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Saudi crown prince round off US tour with ex-presidents meeting

Saudi crown prince round off US tour with ex-presidents meeting
A handout picture provided by the Saudi Royal Palace on April 7, 2018, shows Saudi Crown Prince Mohammed bin Salman (R) welcomed by former U.S. President George W. Bush at the family residence in Houston. / AFP PHOTO / Saudi Royal Palace AND AFP PHOTO / BANDAR AL-JALOUD / RESTRICTED TO EDITORIAL USE - MANDATORY CREDIT "AFP PHOTO / SAUDI ROYAL PALACE / BANDAR AL-JALOUD" - NO MARKETING - NO ADVERTISING CAMPAIGNS - DISTRIBUTED AS A SERVICE TO CLIENTS

Washington: Saudi Arabia’s crown prince Mohammed bin Salman rounded off a weeks-long tour of the United States with a weekend in Texas, where he met Saturday with both former president Bushes. George H.W. Bush, 93, tweeted a photo of the prince with his son, George W. Bush.

“A wonderful chance to celebrate the long-standing friendship between our two nations.”, George Bush Senior wrote, while the Saudi embassy in Washington described the meeting as a “reminder of the strength and breadth of the long-standing Saudi-U.S. partnership.”
The prince — or MBS, as he is known — traveled with his plentiful entourage from the White House to Houston via Boston, New York, Seattle, Los Angeles and Silicon Valley, embarking on what one expert called a particularly well-planned public relations campaign.

The Saudi regime faced little criticism along the way — although Los Angeles Mayor Eric Garcetti expressed “concerns about human rights and the ongoing humanitarian crisis in Yemen,” his office told AFP. But strengthening US-Saudi relations in the face of Iran was a priority for US President Donald Trump, who hailed the nations’ “great friendship” as he met with the 32-year-old prince at the Oval Office on March 20. Since that meeting, MBS has been diligently pushing his “Saudi Vision 2030” — a plan for a Saudi economy less reliant on oil and eager to attract US investors tempted by potential diversification.

The latter part of his trip saw him meet with directors of Google, Facebook and Palantir — not to mention Microsoft founder-turned-philanthropist Bill Gates and Richard Branson, with whom he talked space exploration. The prince also enjoyed a Hollywood dinner with Rupert Murdoch, where they were joined by studio bosses and actors including Morgan Freeman, according to the Hollywood Reporter. The meeting came ahead of the opening of Saudi Arabia’s first cinema — managed by American AMC Entertainment — in Riyadh on April 18.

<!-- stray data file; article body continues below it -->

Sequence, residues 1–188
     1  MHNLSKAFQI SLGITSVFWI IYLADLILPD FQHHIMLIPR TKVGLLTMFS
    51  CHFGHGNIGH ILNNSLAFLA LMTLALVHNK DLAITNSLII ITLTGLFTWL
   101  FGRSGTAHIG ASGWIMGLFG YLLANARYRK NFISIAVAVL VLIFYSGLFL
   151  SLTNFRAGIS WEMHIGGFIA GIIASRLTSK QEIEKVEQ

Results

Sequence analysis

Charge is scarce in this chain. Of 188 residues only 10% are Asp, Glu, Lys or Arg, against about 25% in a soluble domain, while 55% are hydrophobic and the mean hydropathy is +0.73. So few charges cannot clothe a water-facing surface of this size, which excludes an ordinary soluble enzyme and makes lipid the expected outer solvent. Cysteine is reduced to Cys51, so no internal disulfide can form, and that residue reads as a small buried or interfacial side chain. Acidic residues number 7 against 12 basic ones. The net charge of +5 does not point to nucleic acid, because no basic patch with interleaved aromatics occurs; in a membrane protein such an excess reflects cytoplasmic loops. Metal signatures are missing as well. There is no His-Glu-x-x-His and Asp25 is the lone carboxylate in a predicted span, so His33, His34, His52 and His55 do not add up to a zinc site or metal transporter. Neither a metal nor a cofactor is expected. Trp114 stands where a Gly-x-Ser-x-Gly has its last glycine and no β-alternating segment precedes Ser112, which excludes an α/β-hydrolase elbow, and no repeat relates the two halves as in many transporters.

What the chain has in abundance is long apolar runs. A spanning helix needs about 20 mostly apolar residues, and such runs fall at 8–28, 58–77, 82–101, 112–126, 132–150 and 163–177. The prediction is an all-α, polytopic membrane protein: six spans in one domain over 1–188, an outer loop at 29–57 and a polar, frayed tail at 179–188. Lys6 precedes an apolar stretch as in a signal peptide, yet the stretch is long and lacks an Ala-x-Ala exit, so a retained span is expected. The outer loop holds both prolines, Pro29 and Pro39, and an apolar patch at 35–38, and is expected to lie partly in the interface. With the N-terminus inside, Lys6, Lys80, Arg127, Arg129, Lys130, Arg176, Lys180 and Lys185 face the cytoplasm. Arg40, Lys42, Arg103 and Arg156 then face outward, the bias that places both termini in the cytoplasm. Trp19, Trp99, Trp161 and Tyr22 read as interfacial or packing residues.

Then, it was off to Houston to meet with the Bushes, having already met with Bill Clinton in New York. In fact, in terms of former presidents, only Barack Obama — whose terms in office marked strained relations with Saudi Arabia — was left off the agenda.

Economic pay off?

Prince Mohammed is scheduled to arrive in Paris on Sunday for an official visit on Monday and Tuesday — including dinner with President Emmanuel Macron Tuesday evening. He set off on his international charm offensive in Egypt on March 4, before making his way to Britain and the US. After France, his next stop is Spain. “In public relations for him it was incredibly successful,” Simon Henderson, an expert on Saudi Arabia at the Washington Institute, told AFP of the US trip.

A browse of the prince’s Instagram account reveals dozens of photos of him, all smiles and often dressed down without a tie, accompanied by various business leaders. He has overcome a challenge for a Saudi royal: to appear “an ordinary sort of person (…) by turning up in Starbucks for instance,” Henderson added, referencing the prince’s coffee run with former New York mayor Michael Bloomberg.

“The question which I’m fascinated by is: he clearly got the PR he wanted to here, and it played well here. But how did it play at home?” Henderson said. But while it seemed a fruitful tour in terms of diplomacy, it has yet to be seen if it will pay off economically. Indeed, it’s not clear whether Prince Mohammed’s pitch to invest in Saudi Arabia would convince US business leaders while his anti-corruption campaign targeted hundreds of princes, ministers and businessmen — a climate which makes identifying sustainable partners a tough task for Americans, according to Henderson.

AFP